Charlie Hebdo, long known for its rabidly anti-clerical and anti-establishment bent, republished many of those cartoons in what it called solidarity in the face of threats to free expression. French Muslim groups later took the paper to court, accusing it of insulting their religion, but lost the case.
The paper, as usual, had advertised this week’s edition in advance as “Sharia Hebdo,” announcing it would take aim at the Islamist political party, Ennahda, which won the biggest bloc of votes in last week’s elections in Tunisia.
According to Stéphane Charbonnier, its editor, threats against the paper started showing up on social media sites a few days ago and spread through mass cellphone messages.
But he said he did not interpret them as a serious risk of violence. “It’s not the first time we’ve drawn Mohammed,” he told the newspaper Le Monde. “We do it almost every week.”
But this edition of Charlie Hebdo was filled with such caricatures.
It featured a pseudo-editorial by the Prophet delighting in the Ennahda victory. The piece ridiculed Westerners who “once again wonder if Islam is compatible with democracy,” adding that “no religion is compatible with democracy once the political party that represents it wants to take power in the name of God.”
The paper also had pages of often crude cartoons featuring Muslim men talking about stoning and beating women. A full page of cartoons was devoted to tips for Muslim women using the clichéd titles of fashion magazines. “How to make your forced marriage succeed,” said one.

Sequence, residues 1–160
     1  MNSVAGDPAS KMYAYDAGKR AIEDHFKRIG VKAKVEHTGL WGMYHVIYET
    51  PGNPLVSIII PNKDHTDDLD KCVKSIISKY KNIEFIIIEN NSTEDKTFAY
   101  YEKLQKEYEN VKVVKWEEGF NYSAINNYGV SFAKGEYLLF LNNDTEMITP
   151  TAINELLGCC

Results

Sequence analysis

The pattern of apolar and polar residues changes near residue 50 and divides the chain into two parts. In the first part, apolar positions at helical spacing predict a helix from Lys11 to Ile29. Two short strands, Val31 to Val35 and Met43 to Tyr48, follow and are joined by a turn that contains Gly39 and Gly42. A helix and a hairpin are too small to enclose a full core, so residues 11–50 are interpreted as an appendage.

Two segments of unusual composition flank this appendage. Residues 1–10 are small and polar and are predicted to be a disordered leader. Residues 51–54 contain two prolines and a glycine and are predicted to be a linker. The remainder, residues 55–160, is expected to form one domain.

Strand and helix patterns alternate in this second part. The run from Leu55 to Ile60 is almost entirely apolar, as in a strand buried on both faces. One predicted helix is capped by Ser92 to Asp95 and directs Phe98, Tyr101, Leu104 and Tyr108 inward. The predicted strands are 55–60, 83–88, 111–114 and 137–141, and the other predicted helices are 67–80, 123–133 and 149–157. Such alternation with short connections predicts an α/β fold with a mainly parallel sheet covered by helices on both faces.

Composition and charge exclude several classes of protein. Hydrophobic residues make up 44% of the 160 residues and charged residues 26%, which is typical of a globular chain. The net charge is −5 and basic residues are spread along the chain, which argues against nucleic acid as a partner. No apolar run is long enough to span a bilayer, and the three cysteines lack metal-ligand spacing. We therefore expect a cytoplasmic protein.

Islam, Islamists and Islamic law are part of the daily back-and-forth of public life, according to Luz, the cartoonist responsible for the front-page drawing of the Prophet.
“Mohammed spends his time inserting himself into the news,” he told the magazine Nouvel Observateur. “We just did what we always do, follow the news.”
Charlie Hebdo occupies the more extreme reaches of French satirical journalism, and its editors have long said they are against fundamentalists and “jerks” of all stripes. It is hardly alone in its equal-opportunity ridiculing of the Catholic Church, Islamists and puffed-up politicians of the left, right and centre.
Previous covers have featured a cartoon of a pedophile priest being advised by the Pope and another showing a venal-looking rabbi, priest and mullah saying, “We have to put a veil on Charlie Hebdo.”
Le Canard Enchainé, another venerable and less vulgar weekly, often breaks news with handy leaks from disaffected civil servants. Since President Nicolas Sarkozy married Italian model and pop singer Carla Bruni in 2006, they are spoofed in a regular column called the Diary of Carla B. Its cartoonist, Plantu, whose work appears regularly in the mainstream newspaper Le Monde, said it is the job of political satirists such as him to skewer fundamentalists of all religions as well as the “jerks” of the world.
The attack on Charlie Hebdo was shocking for its violence, he added, but not a complete surprise for those who live by caricaturing the foibles of others. “We are at the vanguard of everything that happens in freedom of expression,” he said.